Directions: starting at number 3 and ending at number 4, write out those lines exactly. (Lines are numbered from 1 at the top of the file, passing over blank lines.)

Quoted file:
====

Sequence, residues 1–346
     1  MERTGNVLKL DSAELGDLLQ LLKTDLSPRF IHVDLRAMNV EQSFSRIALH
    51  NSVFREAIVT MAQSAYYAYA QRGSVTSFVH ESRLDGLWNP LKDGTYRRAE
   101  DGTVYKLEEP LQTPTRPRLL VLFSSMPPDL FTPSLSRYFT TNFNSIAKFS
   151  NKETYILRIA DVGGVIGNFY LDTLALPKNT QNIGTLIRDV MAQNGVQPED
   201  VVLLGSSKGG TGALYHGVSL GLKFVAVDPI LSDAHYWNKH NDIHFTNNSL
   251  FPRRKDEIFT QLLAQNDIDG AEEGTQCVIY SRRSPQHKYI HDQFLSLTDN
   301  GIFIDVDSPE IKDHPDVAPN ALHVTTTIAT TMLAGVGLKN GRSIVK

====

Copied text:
    51  NSVFREAIVT MAQSAYYAYA QRGSVTSFVH ESRLDGLWNP LKDGTYRRAE
   101  DGTVYKLEEP LQTPTRPRLL VLFSSMPPDL FTPSLSRYFT TNFNSIAKFS